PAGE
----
`Lucas' signals degree of hope for teen films
As teen movies go, the recent arrival called ``Lucas'' isn't as impressive as the current ``Desert Bloom,'' which sets an unusually high standard for this overworked genre. But it's still a cut above the norm, and writer-director David Seltzer deserves a nod of encouragement. The title character is a brainy 14-year-old who has been ``accelerated'' into high school and wants desperately to fit in with the older children -- especially a friendly girl named Maggie, who's new in town and might give him a tumble just because she doesn't know anyone else. His rival turns out to be (wouldn't you know?) the football captain, so our diminutive hero goes out for the team, with predictably awful results. He still manages to win a moral victory, if not a physical or romantic one, and the ending is corny but nice.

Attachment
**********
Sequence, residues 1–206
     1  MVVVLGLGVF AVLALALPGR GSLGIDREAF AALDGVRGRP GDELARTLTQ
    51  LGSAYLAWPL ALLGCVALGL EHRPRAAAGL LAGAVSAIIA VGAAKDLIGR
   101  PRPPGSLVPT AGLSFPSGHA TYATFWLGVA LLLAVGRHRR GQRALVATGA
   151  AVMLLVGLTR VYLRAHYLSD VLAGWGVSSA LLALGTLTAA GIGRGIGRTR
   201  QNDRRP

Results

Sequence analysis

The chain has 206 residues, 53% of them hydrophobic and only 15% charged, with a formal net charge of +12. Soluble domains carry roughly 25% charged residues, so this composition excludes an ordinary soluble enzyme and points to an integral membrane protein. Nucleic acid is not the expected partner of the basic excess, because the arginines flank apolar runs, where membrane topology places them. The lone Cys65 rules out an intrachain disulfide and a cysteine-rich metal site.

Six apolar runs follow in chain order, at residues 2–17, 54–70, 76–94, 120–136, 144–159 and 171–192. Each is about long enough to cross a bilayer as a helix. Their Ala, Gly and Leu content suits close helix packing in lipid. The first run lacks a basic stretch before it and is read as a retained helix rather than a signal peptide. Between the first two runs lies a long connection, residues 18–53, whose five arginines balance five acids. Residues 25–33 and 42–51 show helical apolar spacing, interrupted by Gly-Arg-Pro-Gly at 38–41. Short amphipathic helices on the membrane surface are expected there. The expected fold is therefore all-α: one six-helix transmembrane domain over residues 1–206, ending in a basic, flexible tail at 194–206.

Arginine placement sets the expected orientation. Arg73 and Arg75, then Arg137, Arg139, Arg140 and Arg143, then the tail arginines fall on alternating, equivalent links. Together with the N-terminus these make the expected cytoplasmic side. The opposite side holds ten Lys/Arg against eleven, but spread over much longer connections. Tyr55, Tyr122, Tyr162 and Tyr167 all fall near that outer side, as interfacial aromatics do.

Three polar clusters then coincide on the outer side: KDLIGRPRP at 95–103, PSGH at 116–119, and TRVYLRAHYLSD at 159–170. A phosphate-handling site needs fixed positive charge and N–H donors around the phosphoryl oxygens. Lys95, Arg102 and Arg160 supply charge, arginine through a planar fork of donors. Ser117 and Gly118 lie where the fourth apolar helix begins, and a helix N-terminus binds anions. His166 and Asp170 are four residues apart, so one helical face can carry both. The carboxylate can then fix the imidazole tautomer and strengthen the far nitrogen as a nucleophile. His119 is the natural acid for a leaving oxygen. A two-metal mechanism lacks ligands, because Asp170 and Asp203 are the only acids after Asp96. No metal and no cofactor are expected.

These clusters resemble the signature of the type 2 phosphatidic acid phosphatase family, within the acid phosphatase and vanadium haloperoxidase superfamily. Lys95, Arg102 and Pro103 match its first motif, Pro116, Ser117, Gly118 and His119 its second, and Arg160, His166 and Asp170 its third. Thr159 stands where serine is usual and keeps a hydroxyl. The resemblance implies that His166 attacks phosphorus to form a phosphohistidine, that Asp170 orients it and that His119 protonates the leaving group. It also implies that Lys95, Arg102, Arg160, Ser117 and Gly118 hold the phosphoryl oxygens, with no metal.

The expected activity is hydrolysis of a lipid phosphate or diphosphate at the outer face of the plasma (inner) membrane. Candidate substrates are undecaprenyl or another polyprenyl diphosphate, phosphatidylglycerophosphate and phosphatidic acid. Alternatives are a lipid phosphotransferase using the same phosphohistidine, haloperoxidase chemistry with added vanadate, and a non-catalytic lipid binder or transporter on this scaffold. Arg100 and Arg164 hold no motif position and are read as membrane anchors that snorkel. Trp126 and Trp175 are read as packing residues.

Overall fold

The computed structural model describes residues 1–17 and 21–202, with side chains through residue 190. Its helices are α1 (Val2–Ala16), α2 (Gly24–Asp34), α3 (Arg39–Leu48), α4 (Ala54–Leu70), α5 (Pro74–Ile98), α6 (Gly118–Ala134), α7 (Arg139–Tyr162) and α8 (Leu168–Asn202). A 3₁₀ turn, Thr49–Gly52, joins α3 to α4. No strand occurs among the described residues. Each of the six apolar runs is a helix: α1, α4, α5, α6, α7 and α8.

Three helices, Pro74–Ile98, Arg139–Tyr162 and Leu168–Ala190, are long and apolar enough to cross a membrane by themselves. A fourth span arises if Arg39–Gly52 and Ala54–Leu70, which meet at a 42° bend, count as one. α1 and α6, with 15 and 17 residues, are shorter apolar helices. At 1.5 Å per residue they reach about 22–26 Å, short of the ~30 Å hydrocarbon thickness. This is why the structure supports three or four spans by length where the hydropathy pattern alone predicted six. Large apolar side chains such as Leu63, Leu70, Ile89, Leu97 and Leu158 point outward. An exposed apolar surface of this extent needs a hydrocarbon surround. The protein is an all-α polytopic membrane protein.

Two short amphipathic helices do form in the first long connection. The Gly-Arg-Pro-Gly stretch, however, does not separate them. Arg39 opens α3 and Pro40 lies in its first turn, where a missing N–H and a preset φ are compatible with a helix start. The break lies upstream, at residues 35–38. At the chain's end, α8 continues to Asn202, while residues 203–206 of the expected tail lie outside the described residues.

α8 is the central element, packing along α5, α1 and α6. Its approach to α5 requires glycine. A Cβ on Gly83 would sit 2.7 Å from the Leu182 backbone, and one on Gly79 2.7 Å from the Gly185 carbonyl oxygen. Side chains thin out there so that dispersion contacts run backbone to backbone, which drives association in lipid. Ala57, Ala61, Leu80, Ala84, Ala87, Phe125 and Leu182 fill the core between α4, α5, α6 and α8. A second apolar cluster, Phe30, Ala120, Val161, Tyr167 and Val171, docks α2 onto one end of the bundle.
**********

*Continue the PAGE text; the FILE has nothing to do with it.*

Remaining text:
The picture has its share of trite situations and too-familiar characters, and it goes off the deep end when little Lucas puts on shoulder pads and heads for the gridiron. But filmmaker Seltzer keeps us on our toes by treating the material with unexpected conviction.
The well-chosen cast (headed by Corey Haim and Kerri Green) follows suit with a string of professionally crafted performances that bring even the weaker scenes alive.
In terms of sharp screenwriting and quietly competent directing, ``Lucas'' runs the hit ``Pretty in Pink'' right off the screen. It's no great movie, but it's a hopeful sign that teen pictures are turning in a more intelligent direction.